Workplace

How to know if the 4-day workweek would work for your company

It's not a good fit for everyone, but here’s why Nomad Goods has found the four-day workweek to be a huge success.

Man with calendar crossed out for three-day weekends

Here are a few clues that the four-day workweek might be worth trying at your company.

Illustration: Nuthawut Somsuk/Getty Images

A year ago, Brian Hahn transitioned his company to a four-day workweek. Now, working five days in a row seems unthinkable.

“I think if we go back to five days, we’re going to have, like, riots,” said Hahn, who co-founded Nomad Goods a decade ago. “I would personally be, like, ‘Fuck no, I don’t want to work Fridays.’”

Nomad, an iPhone case-maker in Santa Barbara, transitioned to a four-day workweek at the beginning of 2021. Before that, the 39-person company gave its employees every other Friday off in a yearlong pilot of the 9/80 work schedule (nine workdays, 80 hours of work).

Today, Nomad has broken from the 40-hour workweek altogether, and instead expects its employees to work four nine-hour days each week. The four-day schedule hasn’t hurt Nomad’s business, Hahn said. Upper management initially worried about a loss of productivity, but Hahn hasn’t seen that.

“On Sunday, after that three-day weekend, people generally had this sense of boredom,” Hahn said. “Instead of having the Sunday scaries, it’s like, I’m legit ready to go back to work and, like, crank.”

Of course, the four-day workweek wouldn’t work everywhere, and there have been mixed results even at companies where it’s been deemed a success. 40% of Bolt employees reportedly felt more stressed out after piloting the four-day week, yet 94% of employees and 91% of managers still supported the company’s move to make the schedule permanent. And while companies like Panasonic, Kickstarter and Eidos-Montréal now offer the four-day workweek, it’s far from the norm. (Mark Zuckerberg is one CEO who hasn’t backed the four-day workweek: He told Meta employees in a Thursday all-hands meeting that he didn’t think transitioning to a four-day workweek would be productive.)

But companies similar to Nomad might find it surprisingly doable. Here are a few clues that the four-day workweek might be worth trying at your company.

Your business is ‘in front of the desk’

Not surprisingly, companies that provide professional services will find it more challenging to limit their hours. As a background operator with no storefront, Nomad has not had this problem.

“If you’re behind the desk, you’re offering the service. You’ve got to cater to the needs of the other people,” Hahn said. “If you’re in front of the desk, that means you’re paying the lawyer, you’re paying the accountant, you’re paying the designers. You get to do whatever the heck you want.”

Some customer service reps at Nomad still work Fridays, but Hahn said they’ll take a half-day on Thursday to “space that out.” And there are weeks when Nomad employees will need to take an external meeting on Friday, like with another brand or partner, but Hahn said those are “exceedingly rare.”

Brian Hahn Brian Hahn, co-founder and COO of Nomad Goods.Photo: Nomad Goods

You want to compensate for lower pay

Along with offering remote work and being based in beachy Santa Barbara, having a four-day workweek is one of the biggest perks that Nomad promotes to job candidates.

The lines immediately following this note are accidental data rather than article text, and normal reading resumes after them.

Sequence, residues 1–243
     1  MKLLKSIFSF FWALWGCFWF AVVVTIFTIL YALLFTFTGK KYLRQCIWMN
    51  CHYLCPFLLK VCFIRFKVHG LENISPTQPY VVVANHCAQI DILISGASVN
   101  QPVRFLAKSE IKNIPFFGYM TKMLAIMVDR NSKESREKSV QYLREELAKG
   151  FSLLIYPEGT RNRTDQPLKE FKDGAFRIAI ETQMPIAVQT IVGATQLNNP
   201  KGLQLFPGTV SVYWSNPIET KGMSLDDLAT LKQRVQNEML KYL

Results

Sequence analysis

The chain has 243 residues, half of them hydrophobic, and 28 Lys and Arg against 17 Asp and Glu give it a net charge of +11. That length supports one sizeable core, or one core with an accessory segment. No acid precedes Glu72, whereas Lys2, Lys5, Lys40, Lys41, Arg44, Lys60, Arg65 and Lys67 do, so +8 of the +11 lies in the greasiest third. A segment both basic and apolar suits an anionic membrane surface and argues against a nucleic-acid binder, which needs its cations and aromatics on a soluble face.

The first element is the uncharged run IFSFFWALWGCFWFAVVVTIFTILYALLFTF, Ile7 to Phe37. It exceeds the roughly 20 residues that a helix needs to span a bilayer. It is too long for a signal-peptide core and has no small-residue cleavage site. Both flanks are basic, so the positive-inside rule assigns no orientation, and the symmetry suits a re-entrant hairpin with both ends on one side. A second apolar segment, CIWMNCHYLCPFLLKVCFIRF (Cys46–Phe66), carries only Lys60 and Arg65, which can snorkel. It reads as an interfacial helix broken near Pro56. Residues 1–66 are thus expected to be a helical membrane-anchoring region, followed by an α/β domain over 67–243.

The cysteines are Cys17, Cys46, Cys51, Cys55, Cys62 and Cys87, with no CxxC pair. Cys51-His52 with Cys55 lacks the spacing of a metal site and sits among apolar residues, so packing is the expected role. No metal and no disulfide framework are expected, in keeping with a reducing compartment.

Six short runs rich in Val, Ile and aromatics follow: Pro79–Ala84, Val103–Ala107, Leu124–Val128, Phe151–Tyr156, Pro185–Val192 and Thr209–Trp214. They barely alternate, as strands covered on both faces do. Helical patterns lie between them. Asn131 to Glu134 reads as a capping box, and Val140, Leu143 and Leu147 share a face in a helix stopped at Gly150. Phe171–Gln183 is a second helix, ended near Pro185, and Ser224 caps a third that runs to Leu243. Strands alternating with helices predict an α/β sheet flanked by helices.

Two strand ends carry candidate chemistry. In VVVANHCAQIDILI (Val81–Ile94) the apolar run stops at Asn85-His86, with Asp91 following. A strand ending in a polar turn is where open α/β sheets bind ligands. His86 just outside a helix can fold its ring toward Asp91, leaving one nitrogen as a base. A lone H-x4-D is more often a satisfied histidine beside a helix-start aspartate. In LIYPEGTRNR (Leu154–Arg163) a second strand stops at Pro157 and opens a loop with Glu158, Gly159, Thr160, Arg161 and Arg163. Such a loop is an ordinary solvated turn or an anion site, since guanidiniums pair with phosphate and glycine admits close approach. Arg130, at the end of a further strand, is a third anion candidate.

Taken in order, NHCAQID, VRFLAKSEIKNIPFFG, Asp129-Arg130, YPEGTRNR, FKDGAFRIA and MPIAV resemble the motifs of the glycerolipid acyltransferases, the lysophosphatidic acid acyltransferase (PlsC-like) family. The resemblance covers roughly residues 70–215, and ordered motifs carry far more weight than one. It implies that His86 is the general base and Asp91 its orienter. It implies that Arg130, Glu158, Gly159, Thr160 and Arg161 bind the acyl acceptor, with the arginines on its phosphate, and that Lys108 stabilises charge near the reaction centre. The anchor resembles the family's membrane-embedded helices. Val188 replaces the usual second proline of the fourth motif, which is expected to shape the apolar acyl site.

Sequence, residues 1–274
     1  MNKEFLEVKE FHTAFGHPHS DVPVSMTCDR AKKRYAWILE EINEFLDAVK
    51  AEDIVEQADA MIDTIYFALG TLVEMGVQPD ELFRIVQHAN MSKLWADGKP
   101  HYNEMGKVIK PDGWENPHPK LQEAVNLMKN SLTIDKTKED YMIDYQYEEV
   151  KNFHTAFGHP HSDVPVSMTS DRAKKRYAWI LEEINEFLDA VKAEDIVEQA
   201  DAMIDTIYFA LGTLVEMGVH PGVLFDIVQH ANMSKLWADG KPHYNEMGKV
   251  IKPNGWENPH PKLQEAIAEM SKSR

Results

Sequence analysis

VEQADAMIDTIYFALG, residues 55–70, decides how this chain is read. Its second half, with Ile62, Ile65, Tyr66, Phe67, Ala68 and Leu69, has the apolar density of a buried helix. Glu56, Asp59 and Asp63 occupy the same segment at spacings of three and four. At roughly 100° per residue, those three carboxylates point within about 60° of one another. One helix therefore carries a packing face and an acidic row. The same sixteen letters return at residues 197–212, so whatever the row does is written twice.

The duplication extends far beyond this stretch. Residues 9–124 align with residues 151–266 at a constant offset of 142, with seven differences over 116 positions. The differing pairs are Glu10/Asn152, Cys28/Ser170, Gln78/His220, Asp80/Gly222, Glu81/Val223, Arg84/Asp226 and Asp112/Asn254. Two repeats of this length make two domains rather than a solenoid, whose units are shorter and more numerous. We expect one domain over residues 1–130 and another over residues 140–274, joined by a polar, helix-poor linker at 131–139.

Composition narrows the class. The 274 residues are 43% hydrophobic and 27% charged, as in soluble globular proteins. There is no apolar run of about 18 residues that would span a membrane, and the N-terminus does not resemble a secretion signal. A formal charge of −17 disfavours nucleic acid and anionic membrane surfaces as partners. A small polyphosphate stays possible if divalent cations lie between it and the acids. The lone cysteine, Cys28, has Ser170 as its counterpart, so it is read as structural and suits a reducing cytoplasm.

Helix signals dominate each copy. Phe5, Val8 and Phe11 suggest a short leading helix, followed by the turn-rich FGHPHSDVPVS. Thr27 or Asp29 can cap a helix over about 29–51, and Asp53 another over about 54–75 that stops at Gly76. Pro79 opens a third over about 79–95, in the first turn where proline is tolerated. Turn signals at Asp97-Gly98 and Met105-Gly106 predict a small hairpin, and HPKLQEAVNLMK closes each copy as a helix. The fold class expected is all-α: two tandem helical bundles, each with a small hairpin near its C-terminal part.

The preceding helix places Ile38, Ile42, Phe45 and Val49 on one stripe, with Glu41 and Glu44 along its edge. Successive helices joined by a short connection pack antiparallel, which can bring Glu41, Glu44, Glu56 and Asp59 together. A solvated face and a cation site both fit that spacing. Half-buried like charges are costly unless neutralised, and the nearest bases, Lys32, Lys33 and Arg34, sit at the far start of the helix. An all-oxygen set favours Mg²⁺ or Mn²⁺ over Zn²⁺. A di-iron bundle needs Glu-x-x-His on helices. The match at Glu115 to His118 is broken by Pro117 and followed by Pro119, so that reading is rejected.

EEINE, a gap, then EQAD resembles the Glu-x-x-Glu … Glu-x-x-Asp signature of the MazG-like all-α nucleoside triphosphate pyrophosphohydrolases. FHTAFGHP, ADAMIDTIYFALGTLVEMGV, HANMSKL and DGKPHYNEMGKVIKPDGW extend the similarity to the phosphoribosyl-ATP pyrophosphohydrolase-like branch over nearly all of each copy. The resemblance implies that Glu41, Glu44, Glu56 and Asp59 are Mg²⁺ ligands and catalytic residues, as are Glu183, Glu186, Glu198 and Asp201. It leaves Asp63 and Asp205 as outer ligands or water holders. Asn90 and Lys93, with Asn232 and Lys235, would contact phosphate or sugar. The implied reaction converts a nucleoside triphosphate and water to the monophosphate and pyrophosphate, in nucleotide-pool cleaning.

One thing that isn’t: a huge paycheck.

“Honestly, we can’t pay super high rates. We’re a widget consumer good company. We’re not Twitter,” Hahn said. “We do need to effectively compete in a way that we can, so we offer a reasonable, nice, work-life balanced lifestyle.”

It’s unclear how much more interest the four-day workweek has drummed up among job candidates at Nomad because the company wasn’t actively hiring before implementing the new schedule. But Hahn's currently interviewing for a marketer position, and all three candidates he’s spoken with have shown interest in the four-day workweek.

“People are definitely noticing it and very keen on it,” Hahn said.

Although Hahn said the four-day workweek had been “a strong retainer,” Nomad has lost a couple of employees who were willing to give up a four-day workweek for a bigger salary.

“They very clearly had to make a hard decision,” Hahn said. “For some people, more money at another company is just worth it.”

You have a plan to enforce the no-Friday rule

Initially, some Nomad employees fell into what Hahn termed the “unlimited PTO complex, where everyone doesn’t take any vacation at all.”

“It was like, ‘Oh, I’ll just get to that on Friday,’” Hahn said. “I think getting people to do that and setting the culture is super critical, and if upper management is saying one thing but acting differently, it’s going to set off a chain of bad culture.”

Hahn would hold the line by telling employees that he wasn’t going to work on Friday and they shouldn’t either.

“Go to the beach,” Hahn said. “Literally, I’m not going to do shit. I don’t expect you to do shit. If there’s an emergency, or it’s Q4 holiday chaos, yeah — we can do a little Friday stuff.”

But otherwise, don’t work on Friday, Hahn said.

Your newer employees will still be learning

Nomad still encourages earlier-career employees to use the extra time for professional development. Having Fridays off creates an opportunity for younger workers to build skills — Hahn gave Microsoft Excel as an example.

It’s not required, Hahn said, but he tells employees that “if you want to get a raise in life, these are good skills to have.”

“It’s a personal growth thing,” Hahn said. “That’s what some of the hungrier Nomads are doing, is trying to do that learning on Fridays. Not doing work for Nomad.”

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